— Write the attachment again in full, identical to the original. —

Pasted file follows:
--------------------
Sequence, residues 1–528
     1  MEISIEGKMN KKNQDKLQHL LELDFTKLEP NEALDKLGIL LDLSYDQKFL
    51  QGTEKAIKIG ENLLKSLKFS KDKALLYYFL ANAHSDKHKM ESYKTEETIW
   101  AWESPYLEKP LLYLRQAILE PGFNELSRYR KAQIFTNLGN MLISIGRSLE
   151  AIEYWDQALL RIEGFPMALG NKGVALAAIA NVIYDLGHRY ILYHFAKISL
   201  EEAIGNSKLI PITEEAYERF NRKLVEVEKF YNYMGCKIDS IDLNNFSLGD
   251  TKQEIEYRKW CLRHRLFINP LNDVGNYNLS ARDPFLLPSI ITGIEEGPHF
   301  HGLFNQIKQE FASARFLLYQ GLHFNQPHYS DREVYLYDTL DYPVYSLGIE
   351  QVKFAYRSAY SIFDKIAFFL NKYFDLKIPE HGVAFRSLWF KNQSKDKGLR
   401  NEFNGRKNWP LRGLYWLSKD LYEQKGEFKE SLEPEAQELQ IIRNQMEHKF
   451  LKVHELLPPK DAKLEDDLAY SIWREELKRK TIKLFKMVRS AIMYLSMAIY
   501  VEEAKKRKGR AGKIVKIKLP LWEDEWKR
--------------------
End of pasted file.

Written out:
Sequence, residues 1–528
     1  MEISIEGKMN KKNQDKLQHL LELDFTKLEP NEALDKLGIL LDLSYDQKFL
    51  QGTEKAIKIG ENLLKSLKFS KDKALLYYFL ANAHSDKHKM ESYKTEETIW
   101  AWESPYLEKP LLYLRQAILE PGFNELSRYR KAQIFTNLGN MLISIGRSLE
   151  AIEYWDQALL RIEGFPMALG NKGVALAAIA NVIYDLGHRY ILYHFAKISL
   201  EEAIGNSKLI PITEEAYERF NRKLVEVEKF YNYMGCKIDS IDLNNFSLGD
   251  TKQEIEYRKW CLRHRLFINP LNDVGNYNLS ARDPFLLPSI ITGIEEGPHF
   301  HGLFNQIKQE FASARFLLYQ GLHFNQPHYS DREVYLYDTL DYPVYSLGIE
   351  QVKFAYRSAY SIFDKIAFFL NKYFDLKIPE HGVAFRSLWF KNQSKDKGLR
   401  NEFNGRKNWP LRGLYWLSKD LYEQKGEFKE SLEPEAQELQ IIRNQMEHKF
   451  LKVHELLPPK DAKLEDDLAY SIWREELKRK TIKLFKMVRS AIMYLSMAIY
   501  VEEAKKRKGR AGKIVKIKLP LWEDEWKR